I heard the economist article on crowdfunding students this week and was inspired to write this post.
While government owned public colleges are still relatively cheap, education in India is getting really expensive. When I graduated in 2000, I paid INR 32000/year, which was USD 7,20/year for my engineering education. A similar private collage today costs around INR 500,000/year, which is around USD 8,800/year.
This is expensive and out of reach of most middle income Indian families. Medical colleges are even more expensive. Add to this the “capitation fee” or the backdoor admission “fees” and suddenly an average student in India, born to an middle income family earning INR 120,000/year (USD 2100) cannot pursue a professional course in India. Capitation fees or backdoor admission fees are normally paid in cash can be as high as USD 30,000 for good private colleges.
Compare this to in-state tuition in US universities and you may find that it a fair comparison.
All the companies mentioned in the article, Upstart and Pave seem to have the same idea. Get well paid and well connected individuals to fund education for upstarts/students. Since these individuals are personally invested in the career of the student, they help introduce this individual to promising opportunities. Its funny how a selfish interest is driving socially desirable goals.
Lumni seems more focussed on getting social welfare funds’ money instead of individuals’ or maybe they create a fund from money raised form individuals.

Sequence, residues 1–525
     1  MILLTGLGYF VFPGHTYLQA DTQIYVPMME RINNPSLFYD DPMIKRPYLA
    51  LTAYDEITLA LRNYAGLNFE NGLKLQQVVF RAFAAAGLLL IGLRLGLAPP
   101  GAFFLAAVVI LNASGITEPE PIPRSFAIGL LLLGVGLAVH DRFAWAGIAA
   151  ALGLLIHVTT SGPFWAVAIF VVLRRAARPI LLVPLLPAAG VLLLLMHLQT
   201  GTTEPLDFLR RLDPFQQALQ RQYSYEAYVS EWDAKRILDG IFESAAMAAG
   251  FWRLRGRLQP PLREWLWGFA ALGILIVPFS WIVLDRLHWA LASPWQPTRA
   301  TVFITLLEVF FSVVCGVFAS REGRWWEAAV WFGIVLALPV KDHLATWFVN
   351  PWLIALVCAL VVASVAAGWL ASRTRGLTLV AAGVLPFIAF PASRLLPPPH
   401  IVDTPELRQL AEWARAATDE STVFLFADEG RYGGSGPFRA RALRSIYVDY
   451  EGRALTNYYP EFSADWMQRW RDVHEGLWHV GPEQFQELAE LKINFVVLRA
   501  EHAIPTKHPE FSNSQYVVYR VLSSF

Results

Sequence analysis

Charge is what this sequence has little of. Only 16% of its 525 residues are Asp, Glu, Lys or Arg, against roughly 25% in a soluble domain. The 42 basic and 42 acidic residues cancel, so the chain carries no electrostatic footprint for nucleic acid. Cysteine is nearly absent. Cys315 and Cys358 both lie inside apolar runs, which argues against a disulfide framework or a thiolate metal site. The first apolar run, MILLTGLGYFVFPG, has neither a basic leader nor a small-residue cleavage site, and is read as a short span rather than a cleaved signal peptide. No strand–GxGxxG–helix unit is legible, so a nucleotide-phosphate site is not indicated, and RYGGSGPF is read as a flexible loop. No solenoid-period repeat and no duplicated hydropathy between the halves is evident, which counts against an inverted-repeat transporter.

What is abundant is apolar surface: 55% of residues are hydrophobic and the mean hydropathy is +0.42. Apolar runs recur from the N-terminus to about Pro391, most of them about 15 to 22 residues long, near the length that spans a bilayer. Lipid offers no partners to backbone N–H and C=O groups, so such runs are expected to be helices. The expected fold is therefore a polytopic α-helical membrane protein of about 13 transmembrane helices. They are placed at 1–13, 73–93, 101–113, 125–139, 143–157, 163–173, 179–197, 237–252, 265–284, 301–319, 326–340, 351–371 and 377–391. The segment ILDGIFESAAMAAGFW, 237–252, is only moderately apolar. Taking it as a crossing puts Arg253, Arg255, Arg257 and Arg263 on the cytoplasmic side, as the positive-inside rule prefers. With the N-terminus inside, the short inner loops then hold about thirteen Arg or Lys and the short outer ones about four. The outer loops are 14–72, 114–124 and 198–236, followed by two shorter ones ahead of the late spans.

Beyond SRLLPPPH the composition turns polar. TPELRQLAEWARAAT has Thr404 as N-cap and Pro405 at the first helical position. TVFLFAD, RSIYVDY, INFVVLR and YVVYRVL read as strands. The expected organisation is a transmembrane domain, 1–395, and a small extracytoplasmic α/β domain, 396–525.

Cost of capital
Not sure how this works but students pay back 7-10% of their yearly income for the next 10 years to investors. Say you make 60,000 out of college and can get a 4% raise every year. Then this amounts to a payment of between $50,000-$72,000 over a 10 year period. I’m sure that a 3-4 year undergraduate course in the US will cost more that $100,000. So…really the play is if you, as an investor, can help make your “upstart” more successful than the cohort, then you can get a much better return on your money.. say around 7% or more.
So.. if you, as a student, expect to be successful irrespective of help from the individual investor, it might be cheaper for you to get money from the bank since the interest rates are so low in the US. Interesting conundrum as perhaps you may make even more money because of the guidance from the investor…
Use this calculator to see which loan turns out to be cheaper for you in the long run: